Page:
Press Release

Economic Headwinds Erode Canada Bank Customers’ Financial Health and Satisfaction, J.D. Power Finds

RBC Royal Bank and Tangerine Bank Rank Highest in Respective Segments

Toronto: 20 Oct. 2022 Rising inflation and interest rate hikes are taking a toll on the financial health of bank customers in Canada1and are eroding satisfaction with the banks, according to the J.D. Power 2022 Canada Retail Banking Satisfaction Study,SM released today. The study revealed a noticeable decline in satisfaction in July-August 2022 (wave 2) from January through March 2022 (wave 1) as the percentage of customers classified as financially healthy dropped to 38% from 50%, respectively. The worsening financial health was most prominent among bank customers age 40 and older.

With about three in four customers acknowledging the rising cost of goods and services outpacing their income and two in three taking some action to manage inflation, it seems that the banks have not adapted yet to customers’ shifting needs and expectations. According to the study, only 32% of customers feel their bank completely supports them in challenging times, the most influential key performance indicator (KPI) affecting satisfaction.

“Canadian banks have not kept pace with the changing economic conditions nor the shifting needs and expectations of their customers, at least when it comes to communicating,” said Jim Miller, executive managing director, banking & payments intelligence at J.D. Power. “Customers are focused on mitigating the challenging economic conditions, and banks need to meet them where they are—not where the banks want them to be.”

Only 20% of customers recall their banks communicating with them on how to manage inflation or save for a recession, and even fewer (18%) recall messages about paying down debt in a recession, with only 6% of customers acting on this communication. At the same time, the study shows a greater appetite from bank customers for more guidance from their financial institutions such as wishing to get advice from their bank about strategies to manage inflation (31%); how to best save for a recession (30%); or how to pay down debt in a recession (26%).

Following are some key findings of the 2022 study:

  • Customers least satisfied with their bank’s ability to help save time or money: While banks perform particularly well on traditional customer engagement metrics such as digital channels, accessibility and trust, satisfaction scores are lowest for resolving problems or complaints and helping retail bank customers save time or money, which has become a key priority for them.
  • Financial health affects satisfaction: As the challenging economic conditions weigh on bank customers, those who are classified as financial unhealthy are less satisfied with their banks (588 vs. 660, respectively, on a 1,000-point scale) yet are almost two times more likely to be charged a fee in the past three months compared with those who are financially healthy (54% vs. 30%, respectively).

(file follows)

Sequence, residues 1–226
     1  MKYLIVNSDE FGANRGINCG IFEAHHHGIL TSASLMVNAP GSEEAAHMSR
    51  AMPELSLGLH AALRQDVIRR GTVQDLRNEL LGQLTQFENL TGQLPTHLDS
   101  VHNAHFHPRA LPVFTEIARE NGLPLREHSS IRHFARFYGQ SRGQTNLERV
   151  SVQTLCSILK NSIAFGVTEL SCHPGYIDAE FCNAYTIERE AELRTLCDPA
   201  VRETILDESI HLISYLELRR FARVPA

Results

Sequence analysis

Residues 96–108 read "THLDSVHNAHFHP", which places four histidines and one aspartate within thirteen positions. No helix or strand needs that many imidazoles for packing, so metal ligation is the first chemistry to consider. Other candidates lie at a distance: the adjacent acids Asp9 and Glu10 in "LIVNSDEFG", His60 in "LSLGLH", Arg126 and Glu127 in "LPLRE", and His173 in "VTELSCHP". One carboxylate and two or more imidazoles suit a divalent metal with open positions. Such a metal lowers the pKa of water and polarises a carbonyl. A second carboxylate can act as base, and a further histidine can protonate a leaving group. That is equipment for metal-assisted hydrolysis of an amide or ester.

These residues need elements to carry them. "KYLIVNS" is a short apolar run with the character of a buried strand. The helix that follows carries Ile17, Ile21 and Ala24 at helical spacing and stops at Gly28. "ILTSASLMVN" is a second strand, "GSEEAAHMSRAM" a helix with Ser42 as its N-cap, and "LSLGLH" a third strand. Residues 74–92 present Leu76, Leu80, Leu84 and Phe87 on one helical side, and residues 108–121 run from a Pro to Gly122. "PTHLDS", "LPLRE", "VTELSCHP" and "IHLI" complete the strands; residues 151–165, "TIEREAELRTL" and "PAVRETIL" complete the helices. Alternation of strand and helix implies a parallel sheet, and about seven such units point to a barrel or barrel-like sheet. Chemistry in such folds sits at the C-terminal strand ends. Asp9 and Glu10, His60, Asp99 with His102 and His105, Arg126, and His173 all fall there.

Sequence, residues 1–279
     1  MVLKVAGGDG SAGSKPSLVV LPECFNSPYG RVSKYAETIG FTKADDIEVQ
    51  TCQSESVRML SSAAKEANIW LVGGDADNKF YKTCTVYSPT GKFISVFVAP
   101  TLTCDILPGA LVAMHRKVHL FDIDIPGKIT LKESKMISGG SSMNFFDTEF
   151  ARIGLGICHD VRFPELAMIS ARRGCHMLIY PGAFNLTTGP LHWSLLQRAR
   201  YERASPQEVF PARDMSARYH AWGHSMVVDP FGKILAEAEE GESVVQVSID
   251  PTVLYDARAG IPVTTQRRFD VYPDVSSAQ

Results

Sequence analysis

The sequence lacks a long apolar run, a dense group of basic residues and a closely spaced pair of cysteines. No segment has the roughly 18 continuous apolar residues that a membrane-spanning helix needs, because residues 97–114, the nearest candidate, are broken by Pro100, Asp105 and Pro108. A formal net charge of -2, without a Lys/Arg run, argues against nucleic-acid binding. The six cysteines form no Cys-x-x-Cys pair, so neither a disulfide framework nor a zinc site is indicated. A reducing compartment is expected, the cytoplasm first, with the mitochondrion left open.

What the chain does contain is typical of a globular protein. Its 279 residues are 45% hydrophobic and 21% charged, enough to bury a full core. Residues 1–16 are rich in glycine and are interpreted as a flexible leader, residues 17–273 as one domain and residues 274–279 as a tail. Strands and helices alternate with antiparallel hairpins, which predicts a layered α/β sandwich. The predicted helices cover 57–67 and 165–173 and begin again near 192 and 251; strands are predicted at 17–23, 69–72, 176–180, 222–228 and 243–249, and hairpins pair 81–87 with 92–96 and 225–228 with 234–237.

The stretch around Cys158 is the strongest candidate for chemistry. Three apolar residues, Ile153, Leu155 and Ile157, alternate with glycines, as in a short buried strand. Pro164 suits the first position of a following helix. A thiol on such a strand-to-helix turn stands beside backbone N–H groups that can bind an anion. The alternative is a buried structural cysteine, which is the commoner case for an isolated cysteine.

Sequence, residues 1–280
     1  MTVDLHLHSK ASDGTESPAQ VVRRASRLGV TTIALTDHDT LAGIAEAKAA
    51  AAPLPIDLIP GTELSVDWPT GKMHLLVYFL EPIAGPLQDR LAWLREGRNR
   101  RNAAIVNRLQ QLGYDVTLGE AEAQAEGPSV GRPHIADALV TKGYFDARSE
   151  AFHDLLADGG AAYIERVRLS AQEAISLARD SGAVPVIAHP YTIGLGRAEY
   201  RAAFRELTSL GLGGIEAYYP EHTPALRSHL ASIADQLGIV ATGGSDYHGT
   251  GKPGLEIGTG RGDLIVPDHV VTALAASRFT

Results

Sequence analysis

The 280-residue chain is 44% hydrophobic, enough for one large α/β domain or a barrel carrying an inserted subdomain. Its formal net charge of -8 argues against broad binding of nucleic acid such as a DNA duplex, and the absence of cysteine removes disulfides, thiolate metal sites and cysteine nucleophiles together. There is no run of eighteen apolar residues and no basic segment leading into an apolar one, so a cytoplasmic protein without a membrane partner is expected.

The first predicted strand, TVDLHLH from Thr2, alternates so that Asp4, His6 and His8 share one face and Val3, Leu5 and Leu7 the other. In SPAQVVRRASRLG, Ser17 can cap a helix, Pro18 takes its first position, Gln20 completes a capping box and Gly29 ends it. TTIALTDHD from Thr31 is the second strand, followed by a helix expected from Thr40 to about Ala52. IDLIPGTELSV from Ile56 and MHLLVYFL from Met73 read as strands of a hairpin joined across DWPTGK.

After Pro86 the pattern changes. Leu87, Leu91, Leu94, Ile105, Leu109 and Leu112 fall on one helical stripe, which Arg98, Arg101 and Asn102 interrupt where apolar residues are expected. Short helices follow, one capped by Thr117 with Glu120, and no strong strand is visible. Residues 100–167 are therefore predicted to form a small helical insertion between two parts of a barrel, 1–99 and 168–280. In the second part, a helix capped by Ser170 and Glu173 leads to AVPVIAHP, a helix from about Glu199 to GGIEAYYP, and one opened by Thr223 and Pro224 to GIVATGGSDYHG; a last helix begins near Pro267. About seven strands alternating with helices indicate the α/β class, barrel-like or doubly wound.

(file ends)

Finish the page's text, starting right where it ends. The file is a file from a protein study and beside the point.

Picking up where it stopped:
• Yes, it is for the phone: Although the banks made significant strides to automate, digitize and streamline customer service, phone interaction with the bank reps for a request or successful problem resolution was one of the key performance indicators most frequently met by the banks (83%), along with easy-to-understand interactions with the bank’s phone rep (87%).

Study Rankings 

RBC Royal Bank ranks highest in satisfaction among Big 5 Banks for a third consecutive year, with a score of 629. CIBC (615) ranks second and BMO Bank of Montreal (610) ranks third. 

Tangerine Bank ranks highest among mid-size banks for an 11th consecutive year, with a score of 670. ATB Financial (664) ranks second and Simplii Financial (662) ranks third. 

The Canada Retail Banking Satisfaction Study, now in its 17th year, measures customer satisfaction with Canada’s large and mid-size banks. The scores reflect satisfaction among the entire retail banking customer pool of these banks, representing a broader group of customers than solely the branch-dependent and digital-centric segments. The study was redesigned for 2022 to measure satisfaction across seven factors (in order of importance): trust; people; account offerings; allowing customers to bank how and when they want; saving time and money; digital channels; and resolving problems or complaints.

The study is based on responses from 14,013 retail banking customers of Canada’s large and mid-size retail banks regarding their experiences with the financial institutions. The study was fielded in two waves from January through March 2022 and from July through August 2022. 

For more information about the U.S. Retail Banking Satisfaction Study, visit

About J.D. Power
J.D. Power
 is a global leader in consumer insights, advisory services and data and analytics. A pioneer in the use of big data, artificial intelligence (AI) and algorithmic modeling capabilities to understand consumer behavior, J.D. Power has been delivering incisive industry intelligence on customer interactions with brands and products for more than 50 years. The world's leading businesses across major industries rely on J.D. Power to guide their customer-facing strategies.

J.D. Power has offices in North America, Europe and Asia Pacific. To learn more about the company’s business offerings, visit

Media Relations Contacts
Gal Wilder, NATIONAL PR; 416-602-4092;
Nicole Herback, NATIONAL PR; 403-200-1187;
Geno Effler, J.D. Power; West Coast; 714-621-6224;

About J.D. Power and Advertising/Promotional Rules:

1J.D. Power measures the financial health of any consumer as a metric combining their spending/savings ratio, credit worthiness and safety net items like insurance coverage. Consumers are placed on a continuum from healthy to vulnerable.

2022 Canada Retail Banking Satisfaction Study
2022 Canada Retail Banking Satisfaction Study
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